What do a flower child, a disco dancer, and a hair-metal rocker have in common? If they're at Dash From The Past, they're all running. That's because the 5K encourages its participants to dress up in gear from their favorite decade as they sprint along the course, fooling onlookers into thinking Andy Warhol or Axl Rose are out competing.
Jenny Sanchez believes that yoga really can heal, and she?s pretty persuasive. Originally a personal trainer, Sanchez suffered from bad knees that couldn?t be made right by her standard gym regimen. When a friend recommended hot yoga, she jumped in and unwittingly started the ball rolling for an eventual career change. ?She told me I had to do four classes a week and break my butt every time I went in there for a month. The more you do it, the better it becomes.? And it worked?Sanchez? knees don?t bother her anymore, and on top of that, she found she had gained the upper-body definition she had always wanted, but hadn't achieved in the gym. She was so ?all about? hot yoga that she opened her own studio.
But Sanchez isn?t the only one that has noticed the restorative benefits of hot yoga. ?People who come to yoga want the total mind-body experience. And they work through stuff. You feel like you?re enhancing someone?s life just by giving them space to do this.? During her classes at Bikram Hot Yoga, practitioners endure 105-degree temps as they run through a series of 26 postures, holding them long enough to promote flexibility, strength, and appreciation for the Statue of Liberty?s discipline. And though the routine doesn?t change, the results keeps coming Sanchez says, ?because your body keeps changing, it challenges you every single day.?
After her third child was born, fitness professional Kim Goodman knew she needed a new way to stay fit. She eventually found the inspiration she hoped for right under her nose: her baby. With a little experimenting, she created a workout regimen that allowed her to bond with her baby while burning calories. Many of the exercises are built around simple things most new mothers have on hand, like their own body, stability balls, and, yes, a baby.
And so Mommycise Fitness came to be, with classes designed for expectant mothers and those with children ages 6 weeks to 3 years. Her 60-minute regimen combines fat-burning intervals, strength training, cardiovascular exercise, and stretching. Mothers and children get to enjoy close contact during class while doing mutually safe exercises, designed with the post-natal body in mind. Kim warns moms to dress to exercise?the class summons up a good sweat?and to bring any baby gear they need with them. Mommycise Fitness provides all the other necessary pieces of workout equipment, including yoga mats and light weights.
At Renzo Gracie Training Center, which was named after Brazilian jujitsu master Renzo Gracie, mentor of UFC champions Matt Serra and Ricardo Almeida, students of all skill levels sculpt stronger, leaner bodies with high-energy classes. The academy’s training center equips athletes with climbing ropes, wrestling mats, and punching bags for classes in boxing or muay thai. HyperFit classes pump hearts with high-intensity conditioning drills to improve strength, agility, and speed as martial-arts courses teach students defenses against common street attacks and weapons such as guns, knives, and trebuchets. The studio also facilitates cross-training efforts by hosting clinics on topics such as yoga, running, and intergalactic pole vaulting.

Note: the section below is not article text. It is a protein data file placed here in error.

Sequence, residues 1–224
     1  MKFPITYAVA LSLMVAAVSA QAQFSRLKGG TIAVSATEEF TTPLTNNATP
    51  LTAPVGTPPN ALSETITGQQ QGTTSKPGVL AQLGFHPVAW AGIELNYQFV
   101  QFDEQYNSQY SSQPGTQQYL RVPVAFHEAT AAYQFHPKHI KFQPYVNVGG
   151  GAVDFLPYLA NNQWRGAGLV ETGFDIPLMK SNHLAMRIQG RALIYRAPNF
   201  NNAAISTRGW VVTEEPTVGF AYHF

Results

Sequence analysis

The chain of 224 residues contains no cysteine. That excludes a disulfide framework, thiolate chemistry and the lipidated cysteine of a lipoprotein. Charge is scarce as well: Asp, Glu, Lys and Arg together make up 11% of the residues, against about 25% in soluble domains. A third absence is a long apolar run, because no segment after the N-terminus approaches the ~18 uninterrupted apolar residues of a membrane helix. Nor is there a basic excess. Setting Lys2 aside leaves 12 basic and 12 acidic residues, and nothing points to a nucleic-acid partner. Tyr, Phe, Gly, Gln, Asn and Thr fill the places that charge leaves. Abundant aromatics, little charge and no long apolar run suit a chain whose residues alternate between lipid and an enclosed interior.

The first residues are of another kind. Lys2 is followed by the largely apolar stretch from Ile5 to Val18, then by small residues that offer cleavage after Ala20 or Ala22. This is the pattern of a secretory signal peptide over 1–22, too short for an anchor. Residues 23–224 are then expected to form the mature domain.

As a rising star in the salsa circuit, Casa Salsa's founder Christian Espinola has danced across stages around the country—including the New York Salsa Congress and Miami Heat halftime shows. He quickly became a sought-after dance instructor, and is currently a representative for the CW Network's Spanish Heritage Month celebration. At his dance studio, he leads a team of experienced, energetic dance instructors who are passionate about the salsa, bachata, and cha-cha moves they teach. They lead students of all ages and abilities through each dance's footwork and partnering techniques during private and group lessons, workshops, and monthly outings. They also offer monthly memberships, which grant guests access to unlimited group classes and an online dance-training program, which helps them further sharpen their hip-swinging moves at home or at a WiFi café.
A professional dancer who has strutted across dance floors from Miami to New York, Christian Espinola founded Casa Salsa with the hope of bringing Latin dance to the masses. That hope has since become reality, as Christian continues to welcome new students to freewheeling Zumba workouts and salsa classes geared toward singles and couples.
But he's not alone in his efforts. The rest of his team brings a wide range of influences to Casa Salsa; Miami native Alfredo Rodriguez draws on his experience as a DJ, while Peruvian native Angie Zumaran draws on the bachata steps he started learning at a young age.